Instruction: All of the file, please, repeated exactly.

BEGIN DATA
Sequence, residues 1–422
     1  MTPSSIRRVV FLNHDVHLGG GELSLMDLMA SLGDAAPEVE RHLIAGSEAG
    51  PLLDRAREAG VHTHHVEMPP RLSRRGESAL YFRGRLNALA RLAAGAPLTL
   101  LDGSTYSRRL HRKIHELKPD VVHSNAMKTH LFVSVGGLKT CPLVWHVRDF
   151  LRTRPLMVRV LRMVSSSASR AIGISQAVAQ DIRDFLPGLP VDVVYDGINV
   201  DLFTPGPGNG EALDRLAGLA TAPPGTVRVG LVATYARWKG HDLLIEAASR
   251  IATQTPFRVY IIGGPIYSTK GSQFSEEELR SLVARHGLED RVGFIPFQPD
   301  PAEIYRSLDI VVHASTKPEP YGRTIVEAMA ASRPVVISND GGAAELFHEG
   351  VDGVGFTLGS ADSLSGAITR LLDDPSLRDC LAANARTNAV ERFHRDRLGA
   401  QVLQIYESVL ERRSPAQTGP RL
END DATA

Sequence, residues 1–422
     1  MTPSSIRRVV FLNHDVHLGG GELSLMDLMA SLGDAAPEVE RHLIAGSEAG
    51  PLLDRAREAG VHTHHVEMPP RLSRRGESAL YFRGRLNALA RLAAGAPLTL
   101  LDGSTYSRRL HRKIHELKPD VVHSNAMKTH LFVSVGGLKT CPLVWHVRDF
   151  LRTRPLMVRV LRMVSSSASR AIGISQAVAQ DIRDFLPGLP VDVVYDGINV
   201  DLFTPGPGNG EALDRLAGLA TAPPGTVRVG LVATYARWKG HDLLIEAASR
   251  IATQTPFRVY IIGGPIYSTK GSQFSEEELR SLVARHGLED RVGFIPFQPD
   301  PAEIYRSLDI VVHASTKPEP YGRTIVEAMA ASRPVVISND GGAAELFHEG
   351  VDGVGFTLGS ADSLSGAITR LLDDPSLRDC LAANARTNAV ERFHRDRLGA
   401  QVLQIYESVL ERRSPAQTGP RL